This is my granddad, James Scott, in a photo taken at his village school nearly 120 years ago. He’s aged about ten or 11 here, I think, and he’s staring into the camera with a good deal of scepticism. Of course, he’s been done up like a dog’s dinner by his mother with an outsize bow-tie but there is also the fact that, at this time (about 1900), photography, especially in the wilds of Fife, where he lived, must have been a pretty rare thing. Photographers in those days had a camera on a tripod and they disappeared under a big black cloth to change the plate. Then, when everything was ready, they held up a big tray of magnesium and applied a match. Flash bang wallop, what a picture. I like the way the teachers are all dressed up, too, in their tailcoats. God knows how they kept order with that lot.
James’s father, and his father’s father, in fact all his ancestors back to 1620 were ploughmen in Fife, and none of them ever did anything different. Until James came along. After he left school, probably not long after this picture was taken, he was apprenticed to a grocer in his home town of Newburgh. Nothing really exciting. But then, out of the blue, when he is about 19, he packs everything in and travels 500 miles to Southampton to sign on as a ship’s steward, bound for New York.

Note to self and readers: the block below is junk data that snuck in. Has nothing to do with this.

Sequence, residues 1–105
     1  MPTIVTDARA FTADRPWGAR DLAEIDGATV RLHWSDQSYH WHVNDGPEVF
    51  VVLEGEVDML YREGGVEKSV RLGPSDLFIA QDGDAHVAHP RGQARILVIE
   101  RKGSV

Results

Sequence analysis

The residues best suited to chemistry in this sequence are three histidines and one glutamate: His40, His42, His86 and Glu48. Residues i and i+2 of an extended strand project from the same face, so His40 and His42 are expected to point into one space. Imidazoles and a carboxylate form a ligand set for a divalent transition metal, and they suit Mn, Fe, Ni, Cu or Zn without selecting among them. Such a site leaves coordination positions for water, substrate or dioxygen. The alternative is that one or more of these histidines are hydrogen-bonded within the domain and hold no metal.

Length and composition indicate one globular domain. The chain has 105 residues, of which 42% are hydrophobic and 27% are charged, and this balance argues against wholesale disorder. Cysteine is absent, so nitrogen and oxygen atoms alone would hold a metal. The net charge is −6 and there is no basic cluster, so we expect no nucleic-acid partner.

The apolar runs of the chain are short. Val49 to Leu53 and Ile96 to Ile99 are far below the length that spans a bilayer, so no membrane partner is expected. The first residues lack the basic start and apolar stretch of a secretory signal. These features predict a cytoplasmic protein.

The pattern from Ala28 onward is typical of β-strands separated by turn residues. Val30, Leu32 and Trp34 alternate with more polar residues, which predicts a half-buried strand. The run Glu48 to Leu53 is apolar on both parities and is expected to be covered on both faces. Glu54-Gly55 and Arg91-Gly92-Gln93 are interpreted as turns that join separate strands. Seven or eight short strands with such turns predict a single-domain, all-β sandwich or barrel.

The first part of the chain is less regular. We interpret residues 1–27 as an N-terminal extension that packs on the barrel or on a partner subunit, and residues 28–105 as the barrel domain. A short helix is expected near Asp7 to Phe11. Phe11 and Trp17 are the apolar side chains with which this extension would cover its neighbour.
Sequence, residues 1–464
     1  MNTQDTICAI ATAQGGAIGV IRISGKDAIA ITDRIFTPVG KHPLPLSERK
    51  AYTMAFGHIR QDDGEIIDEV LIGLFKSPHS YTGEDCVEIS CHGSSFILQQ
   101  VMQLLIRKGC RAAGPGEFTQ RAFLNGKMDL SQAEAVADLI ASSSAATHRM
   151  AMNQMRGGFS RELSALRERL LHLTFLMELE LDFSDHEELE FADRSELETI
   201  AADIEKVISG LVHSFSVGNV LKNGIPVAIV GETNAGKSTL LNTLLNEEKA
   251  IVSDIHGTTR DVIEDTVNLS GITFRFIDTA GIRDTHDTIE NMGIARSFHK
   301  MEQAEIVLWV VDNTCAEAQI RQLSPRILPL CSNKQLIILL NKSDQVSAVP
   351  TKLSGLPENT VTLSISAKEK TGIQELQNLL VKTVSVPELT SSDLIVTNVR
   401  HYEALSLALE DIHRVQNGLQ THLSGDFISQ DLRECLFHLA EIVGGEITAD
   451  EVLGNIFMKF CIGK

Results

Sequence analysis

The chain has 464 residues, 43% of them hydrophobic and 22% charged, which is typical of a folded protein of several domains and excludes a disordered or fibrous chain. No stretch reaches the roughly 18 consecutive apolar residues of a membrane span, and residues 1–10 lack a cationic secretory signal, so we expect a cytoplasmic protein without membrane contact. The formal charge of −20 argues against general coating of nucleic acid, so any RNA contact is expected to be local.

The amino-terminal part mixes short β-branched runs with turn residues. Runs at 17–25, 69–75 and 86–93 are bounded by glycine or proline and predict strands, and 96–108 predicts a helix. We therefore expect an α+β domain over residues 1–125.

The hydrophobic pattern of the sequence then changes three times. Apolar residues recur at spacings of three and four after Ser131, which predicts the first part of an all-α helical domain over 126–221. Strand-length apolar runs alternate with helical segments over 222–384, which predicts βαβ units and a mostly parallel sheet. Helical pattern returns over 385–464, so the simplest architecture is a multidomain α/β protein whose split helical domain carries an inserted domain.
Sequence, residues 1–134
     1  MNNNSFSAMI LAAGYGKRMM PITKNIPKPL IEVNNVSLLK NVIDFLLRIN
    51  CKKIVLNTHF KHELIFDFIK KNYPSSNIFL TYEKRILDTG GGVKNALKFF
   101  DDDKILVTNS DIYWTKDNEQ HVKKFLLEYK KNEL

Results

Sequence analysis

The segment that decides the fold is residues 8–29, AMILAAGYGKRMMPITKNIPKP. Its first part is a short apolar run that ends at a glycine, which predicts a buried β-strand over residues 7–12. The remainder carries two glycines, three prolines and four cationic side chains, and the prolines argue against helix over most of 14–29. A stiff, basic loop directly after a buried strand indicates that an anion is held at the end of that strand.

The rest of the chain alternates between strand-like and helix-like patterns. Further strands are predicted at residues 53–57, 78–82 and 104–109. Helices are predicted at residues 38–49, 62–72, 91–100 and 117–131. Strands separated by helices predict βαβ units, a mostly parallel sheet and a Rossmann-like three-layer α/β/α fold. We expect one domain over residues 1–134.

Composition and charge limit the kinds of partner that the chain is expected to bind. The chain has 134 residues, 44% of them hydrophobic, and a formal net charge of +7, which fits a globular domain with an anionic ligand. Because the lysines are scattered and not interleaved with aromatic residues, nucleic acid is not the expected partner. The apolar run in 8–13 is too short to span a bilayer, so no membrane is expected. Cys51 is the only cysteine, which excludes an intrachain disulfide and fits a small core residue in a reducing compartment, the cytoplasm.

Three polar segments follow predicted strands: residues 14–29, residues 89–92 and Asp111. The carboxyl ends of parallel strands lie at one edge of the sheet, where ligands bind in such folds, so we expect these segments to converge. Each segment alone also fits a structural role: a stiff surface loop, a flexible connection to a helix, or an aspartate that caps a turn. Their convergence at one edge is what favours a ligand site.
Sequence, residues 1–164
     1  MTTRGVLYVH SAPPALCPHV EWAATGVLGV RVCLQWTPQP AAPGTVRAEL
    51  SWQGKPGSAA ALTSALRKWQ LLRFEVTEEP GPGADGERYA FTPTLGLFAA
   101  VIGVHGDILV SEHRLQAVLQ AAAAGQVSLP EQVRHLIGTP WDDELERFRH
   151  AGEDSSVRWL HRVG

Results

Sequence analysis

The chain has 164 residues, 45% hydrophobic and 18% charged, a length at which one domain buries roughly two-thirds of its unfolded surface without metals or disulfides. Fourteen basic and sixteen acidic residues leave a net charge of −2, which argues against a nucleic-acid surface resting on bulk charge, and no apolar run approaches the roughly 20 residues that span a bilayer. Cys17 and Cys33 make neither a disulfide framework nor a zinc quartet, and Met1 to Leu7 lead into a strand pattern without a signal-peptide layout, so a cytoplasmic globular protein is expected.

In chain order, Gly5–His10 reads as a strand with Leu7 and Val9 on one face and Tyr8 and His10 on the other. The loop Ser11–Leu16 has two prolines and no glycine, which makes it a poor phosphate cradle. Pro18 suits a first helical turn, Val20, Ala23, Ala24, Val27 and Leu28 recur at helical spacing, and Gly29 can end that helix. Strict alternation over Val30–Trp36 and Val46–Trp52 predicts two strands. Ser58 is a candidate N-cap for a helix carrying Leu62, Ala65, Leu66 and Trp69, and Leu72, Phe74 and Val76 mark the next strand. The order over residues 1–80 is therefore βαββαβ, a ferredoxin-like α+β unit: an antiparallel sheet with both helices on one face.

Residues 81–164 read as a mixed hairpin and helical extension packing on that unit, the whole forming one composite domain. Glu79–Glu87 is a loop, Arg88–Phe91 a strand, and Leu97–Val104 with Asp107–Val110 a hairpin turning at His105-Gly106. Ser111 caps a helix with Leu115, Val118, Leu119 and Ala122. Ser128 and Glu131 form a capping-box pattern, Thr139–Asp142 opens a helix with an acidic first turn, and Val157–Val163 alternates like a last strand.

He doesn’t sign on with just any old ship, mark you, he gets a job on the Mauretania, (sister ship of Lusitania, which was torpedoed by a German U-boat in 1915). It is the most prestigious ship on the Atlantic, packed with the kind of people you’d never normally see from behind a horse’s arse in Fife. On a voyage during December 1910 Prince Albert and Prince Radziwell (who he? ed) were amongst the passengers.
So there he is, on the Mauretania, the fastest ship on the Atlantic steaming into New York past the Statue of Liberty, and what happens?
Aye, weel, as my relatives would say that is a moot point. My mother says he fell off. My auntie says he did no such thing. The only record we have is his Board of Trade employment book and that has had all its pages torn out. He certainly survived, and when he came back he signed up in 1914 for a new, rather more terrible adventure, as a private in the Royal Army Service Corps. He was driving a grocer’s van once more, but this time he was taking supplies to the trenches on the Western Front.